Four brilliant schemes to help people get the most out of golf are the rivals for England Golf’s new Innovation Award, sponsored by Players 1st.
- AL Junior Academies from Hatchford Brook Golf Centre, near Birmingham, and its reward system to keep the interest of young golfers
- Golf Access, which encourages beginners to learn on the course, not just the practice ground.
- Mytime Active which has pioneered a scheme for GPs to prescribe golf at its Bromley and Orpington Golf Centres, Kent
- Slinfold Golf and Country Club, near Horsham, Sussex, where the women’s section took action to offer a 21st century experience
Nick Pink, England Golf Chief Executive, commented: “When we launched this award we expected to hear great things, but we’ve been bowled over by the brilliance of these four schemes. It’s so encouraging to know that people are working so hard to make golf relevant and to give it a great future.”
The winner will be announced at the England Golf Awards 2019, sponsored by adidas Golf, on Thursday 21 March. The glittering black tie event at the Royal Lancaster London will be hosted by BBC Breakfast presenter Dan Walker.
The AL Golf Junior Academies has no problem attracting children to its junior coaching programme at Hatchford Brook Golf Centre, near Birmingham. The challenge is keeping them attending and ignoring the lure of other activities and sports like football.
The solution – and the innovation – is a new system which rewards golf and life skills demonstrated during lessons. Badges and certificates are awarded at the end of the sessions, not necessarily to the best golfer, but to the golfer making the most effort to improve.
The emphasis on life skills has also helped some youngsters behave better and be more attentive in the hope of receiving one of the super sparkly badges.
The results: The children like it, the parents like it, it’s a big hit on social media – and it seems to be working.
The nomination says: “Despite it being early days, we have already seen a great improvement in retention. This is over the autumn/winter months, so we are excited to see where it will take us in the coming years.”
Pay and play golf operator Mytime Active, and its centres at Bromley and Orpington in Kent, has pioneered a scheme for GPs to prescribe golf to patients to improve their fitness and wellbeing.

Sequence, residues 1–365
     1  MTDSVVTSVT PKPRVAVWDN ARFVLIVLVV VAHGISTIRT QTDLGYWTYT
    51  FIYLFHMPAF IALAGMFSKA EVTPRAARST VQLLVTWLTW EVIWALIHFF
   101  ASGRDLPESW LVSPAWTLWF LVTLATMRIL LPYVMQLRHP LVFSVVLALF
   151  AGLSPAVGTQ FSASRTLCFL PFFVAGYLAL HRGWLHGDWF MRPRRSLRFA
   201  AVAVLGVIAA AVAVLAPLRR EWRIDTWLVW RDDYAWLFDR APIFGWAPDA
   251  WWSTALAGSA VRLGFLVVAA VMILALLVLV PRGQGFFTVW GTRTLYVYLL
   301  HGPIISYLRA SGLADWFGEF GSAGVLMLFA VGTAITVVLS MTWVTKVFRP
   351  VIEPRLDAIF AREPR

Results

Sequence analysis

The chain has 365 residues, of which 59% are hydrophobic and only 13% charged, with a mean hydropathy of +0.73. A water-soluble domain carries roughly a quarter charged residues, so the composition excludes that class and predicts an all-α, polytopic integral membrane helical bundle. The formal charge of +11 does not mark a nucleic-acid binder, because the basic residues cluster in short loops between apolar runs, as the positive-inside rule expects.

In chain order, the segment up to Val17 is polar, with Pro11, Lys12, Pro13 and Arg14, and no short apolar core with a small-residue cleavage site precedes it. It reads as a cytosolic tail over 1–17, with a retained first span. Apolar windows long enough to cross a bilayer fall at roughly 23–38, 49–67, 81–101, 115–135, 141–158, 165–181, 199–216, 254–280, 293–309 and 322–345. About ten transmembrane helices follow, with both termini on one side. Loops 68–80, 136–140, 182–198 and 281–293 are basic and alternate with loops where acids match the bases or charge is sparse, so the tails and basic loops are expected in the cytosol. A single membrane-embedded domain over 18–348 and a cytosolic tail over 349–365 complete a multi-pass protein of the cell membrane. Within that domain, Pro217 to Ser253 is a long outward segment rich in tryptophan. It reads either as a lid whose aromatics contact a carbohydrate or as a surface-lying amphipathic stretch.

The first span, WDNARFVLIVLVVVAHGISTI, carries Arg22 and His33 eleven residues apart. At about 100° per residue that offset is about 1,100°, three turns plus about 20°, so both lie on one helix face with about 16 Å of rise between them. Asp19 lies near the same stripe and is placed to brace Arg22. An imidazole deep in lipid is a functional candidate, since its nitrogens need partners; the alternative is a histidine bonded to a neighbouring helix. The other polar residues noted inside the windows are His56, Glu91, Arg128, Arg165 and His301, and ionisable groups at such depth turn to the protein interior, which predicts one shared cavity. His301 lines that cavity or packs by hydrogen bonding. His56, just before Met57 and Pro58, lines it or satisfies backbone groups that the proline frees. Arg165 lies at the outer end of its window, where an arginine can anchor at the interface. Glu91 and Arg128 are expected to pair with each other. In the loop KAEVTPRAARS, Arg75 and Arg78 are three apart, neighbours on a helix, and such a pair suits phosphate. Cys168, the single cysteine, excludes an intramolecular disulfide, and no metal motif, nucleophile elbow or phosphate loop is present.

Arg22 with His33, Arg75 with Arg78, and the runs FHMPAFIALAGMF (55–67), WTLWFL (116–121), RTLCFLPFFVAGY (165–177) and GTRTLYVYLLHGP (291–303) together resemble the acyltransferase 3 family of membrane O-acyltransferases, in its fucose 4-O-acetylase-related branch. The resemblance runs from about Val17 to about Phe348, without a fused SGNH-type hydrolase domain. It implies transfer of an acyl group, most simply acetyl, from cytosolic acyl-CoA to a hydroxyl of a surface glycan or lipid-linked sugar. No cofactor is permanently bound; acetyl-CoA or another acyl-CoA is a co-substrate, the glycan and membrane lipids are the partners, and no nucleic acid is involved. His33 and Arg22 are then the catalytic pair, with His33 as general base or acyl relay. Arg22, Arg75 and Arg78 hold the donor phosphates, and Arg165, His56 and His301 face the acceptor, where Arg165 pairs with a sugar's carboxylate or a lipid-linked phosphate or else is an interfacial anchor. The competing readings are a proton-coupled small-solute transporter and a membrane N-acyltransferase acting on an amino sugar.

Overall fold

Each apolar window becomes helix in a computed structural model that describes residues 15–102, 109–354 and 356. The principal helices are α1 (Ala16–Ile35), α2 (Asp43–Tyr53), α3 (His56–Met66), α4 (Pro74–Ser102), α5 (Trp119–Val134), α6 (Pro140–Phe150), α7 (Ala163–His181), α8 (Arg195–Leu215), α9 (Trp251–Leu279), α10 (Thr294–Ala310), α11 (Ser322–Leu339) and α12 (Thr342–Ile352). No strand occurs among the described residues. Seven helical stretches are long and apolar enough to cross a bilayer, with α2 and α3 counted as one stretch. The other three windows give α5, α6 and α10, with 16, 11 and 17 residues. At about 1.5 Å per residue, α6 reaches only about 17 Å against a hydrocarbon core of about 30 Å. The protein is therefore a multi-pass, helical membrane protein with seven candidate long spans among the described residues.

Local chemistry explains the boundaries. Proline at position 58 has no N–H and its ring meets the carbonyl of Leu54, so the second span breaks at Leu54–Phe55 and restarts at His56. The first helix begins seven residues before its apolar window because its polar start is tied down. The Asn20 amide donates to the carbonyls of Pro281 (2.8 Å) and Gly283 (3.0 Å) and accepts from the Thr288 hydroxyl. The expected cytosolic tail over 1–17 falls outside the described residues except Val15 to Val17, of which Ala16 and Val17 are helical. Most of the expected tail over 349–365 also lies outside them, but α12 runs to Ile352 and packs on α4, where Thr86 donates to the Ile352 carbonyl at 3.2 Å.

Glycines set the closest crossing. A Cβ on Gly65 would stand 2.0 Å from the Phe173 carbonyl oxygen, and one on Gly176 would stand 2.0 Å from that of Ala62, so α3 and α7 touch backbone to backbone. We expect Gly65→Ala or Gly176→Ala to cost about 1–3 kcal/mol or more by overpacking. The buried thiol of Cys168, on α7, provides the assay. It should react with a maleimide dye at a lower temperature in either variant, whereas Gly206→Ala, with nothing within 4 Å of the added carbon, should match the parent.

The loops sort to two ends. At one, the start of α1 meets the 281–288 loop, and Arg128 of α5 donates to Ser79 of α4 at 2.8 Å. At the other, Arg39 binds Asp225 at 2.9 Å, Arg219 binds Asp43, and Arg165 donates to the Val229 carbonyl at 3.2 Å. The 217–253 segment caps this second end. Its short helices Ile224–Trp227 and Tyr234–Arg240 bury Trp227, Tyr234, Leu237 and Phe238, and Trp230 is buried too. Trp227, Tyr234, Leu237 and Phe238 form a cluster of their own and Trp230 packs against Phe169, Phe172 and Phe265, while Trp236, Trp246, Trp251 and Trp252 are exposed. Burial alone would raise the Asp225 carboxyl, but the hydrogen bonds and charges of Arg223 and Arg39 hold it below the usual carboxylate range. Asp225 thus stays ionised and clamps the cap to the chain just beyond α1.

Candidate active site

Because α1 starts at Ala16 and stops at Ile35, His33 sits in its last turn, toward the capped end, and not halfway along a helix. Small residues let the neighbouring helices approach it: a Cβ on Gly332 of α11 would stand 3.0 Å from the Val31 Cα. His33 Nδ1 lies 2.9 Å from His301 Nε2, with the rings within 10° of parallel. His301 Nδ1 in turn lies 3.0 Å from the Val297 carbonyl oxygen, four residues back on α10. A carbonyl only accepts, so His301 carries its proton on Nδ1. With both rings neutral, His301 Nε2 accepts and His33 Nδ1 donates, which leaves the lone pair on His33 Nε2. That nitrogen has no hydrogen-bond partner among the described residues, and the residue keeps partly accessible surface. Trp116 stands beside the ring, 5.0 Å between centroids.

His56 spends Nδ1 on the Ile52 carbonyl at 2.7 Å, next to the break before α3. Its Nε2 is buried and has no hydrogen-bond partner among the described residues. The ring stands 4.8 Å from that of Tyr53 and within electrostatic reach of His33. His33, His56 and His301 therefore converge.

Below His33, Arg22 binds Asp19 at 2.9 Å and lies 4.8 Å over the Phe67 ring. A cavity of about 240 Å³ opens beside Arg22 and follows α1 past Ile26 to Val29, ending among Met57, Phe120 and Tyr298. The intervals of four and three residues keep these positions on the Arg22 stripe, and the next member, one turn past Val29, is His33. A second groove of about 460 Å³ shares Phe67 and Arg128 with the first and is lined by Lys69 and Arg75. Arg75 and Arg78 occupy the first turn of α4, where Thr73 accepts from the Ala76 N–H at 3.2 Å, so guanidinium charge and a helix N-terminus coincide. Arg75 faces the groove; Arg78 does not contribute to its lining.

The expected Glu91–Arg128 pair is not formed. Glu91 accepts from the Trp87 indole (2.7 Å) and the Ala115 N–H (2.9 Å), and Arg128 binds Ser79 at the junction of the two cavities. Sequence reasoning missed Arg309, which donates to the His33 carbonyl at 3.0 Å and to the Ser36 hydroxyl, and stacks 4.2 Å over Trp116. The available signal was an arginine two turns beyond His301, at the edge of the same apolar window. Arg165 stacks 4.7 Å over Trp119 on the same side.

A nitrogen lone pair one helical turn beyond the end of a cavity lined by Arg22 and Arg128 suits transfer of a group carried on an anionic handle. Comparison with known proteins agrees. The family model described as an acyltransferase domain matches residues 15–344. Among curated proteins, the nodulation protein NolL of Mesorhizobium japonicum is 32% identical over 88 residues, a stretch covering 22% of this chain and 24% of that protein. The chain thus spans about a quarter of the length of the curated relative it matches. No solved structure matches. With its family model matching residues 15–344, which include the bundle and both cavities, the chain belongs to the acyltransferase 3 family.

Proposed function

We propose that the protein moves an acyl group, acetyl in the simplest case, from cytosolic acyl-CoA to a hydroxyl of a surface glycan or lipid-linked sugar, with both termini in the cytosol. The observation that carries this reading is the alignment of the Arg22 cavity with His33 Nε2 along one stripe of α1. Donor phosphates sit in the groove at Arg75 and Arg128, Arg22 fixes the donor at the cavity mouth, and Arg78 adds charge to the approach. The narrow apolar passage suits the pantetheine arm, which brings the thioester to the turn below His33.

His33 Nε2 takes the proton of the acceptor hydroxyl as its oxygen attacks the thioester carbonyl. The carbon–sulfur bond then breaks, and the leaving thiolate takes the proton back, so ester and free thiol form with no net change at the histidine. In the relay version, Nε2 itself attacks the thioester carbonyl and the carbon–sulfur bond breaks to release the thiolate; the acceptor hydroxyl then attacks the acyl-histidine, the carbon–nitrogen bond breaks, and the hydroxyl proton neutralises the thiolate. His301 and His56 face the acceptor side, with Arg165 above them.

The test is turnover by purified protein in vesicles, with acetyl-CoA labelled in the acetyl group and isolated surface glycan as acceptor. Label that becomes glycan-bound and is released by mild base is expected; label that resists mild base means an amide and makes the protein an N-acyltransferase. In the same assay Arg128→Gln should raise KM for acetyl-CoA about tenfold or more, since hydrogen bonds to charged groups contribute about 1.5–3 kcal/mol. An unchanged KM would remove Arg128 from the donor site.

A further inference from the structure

The project grew from a survey carried out among almost 4000 golfers at nine Mytime Active centres, showing a need to make use of golf’s health benefits.
The next step was to offer people referred by their GP a six-week programme of 12 sessions to teach golf skills and change behaviour. The results have been very positive, showing improved grip strength, reduced blood pressure levels and an increased sense of wellbeing.
This year the programme is also running in Mytime centres in Bexleyheath, the New Forest and Birmingham. It’s hoped it will be rolled out across the country in 2020 by golf operators and local authorities.
Mytime Active, which worked with England Golf and uk active on the project, has 16 courses in London, the Midlands and on the south coast. It aims to make the game fun and accessible to all.
Golf Access encourages beginners to learn to play on the golf course, rather than just on the practice ground or range.
It has nine different bands for players to work through and they move up as they achieve each band score, playing from forward tees. Their progress through each stage is rewarded with a coloured wristband and certificate for juniors and a coloured poker chip ball marker for adults.
It’s the brainchild of Simon Wood, a former PGA professional who used to be England Golf’s development officer for Cornwall. It’s being used by 85 clubs in the UK and Australia and involved over 1000 players last year. In Devon alone, 24 clubs and over 300 juniors used the system.
“It’s wonderful how Golf Access has encouraged golf clubs to make their course more junior/beginner friendly. The transition from a Tri-Golf or Get into Golf event, to enjoying time on the course is much easier and more enjoyable for the fledgling players,” said Tiffany MacKenzie, Director of Coaching at Saunton Golf Club.
The go-ahead ladies’ committee at Slinfold Golf Club was quite clear about its plan: to offer a 21st century golf experience which appeals all ages and fits into contemporary lifestyles.
It succeeded with three innovations. The first was to be very welcoming to new golfers, with two committee members acting as buddies. This year, all the women members are getting involved.
The second was to extend their online scoring system to include pages of pictures, news, information and e-honours boards. This has brought them a bigger audience.
Finally, they built on the appeal of short format golf by offering nine-hole qualifiers which are popular among a wide range of women, from seniors, to those who are short of time and those who simply like nine holes!
The results is busy start sheets and happy members like Linda, who joined in 2016 and says: “If not for the support and encouragement of the ladies when I was new and trying for a handicap, I might have given up.” Now the committee has many plans to build on its successes.
England Golf www.englandgolf.org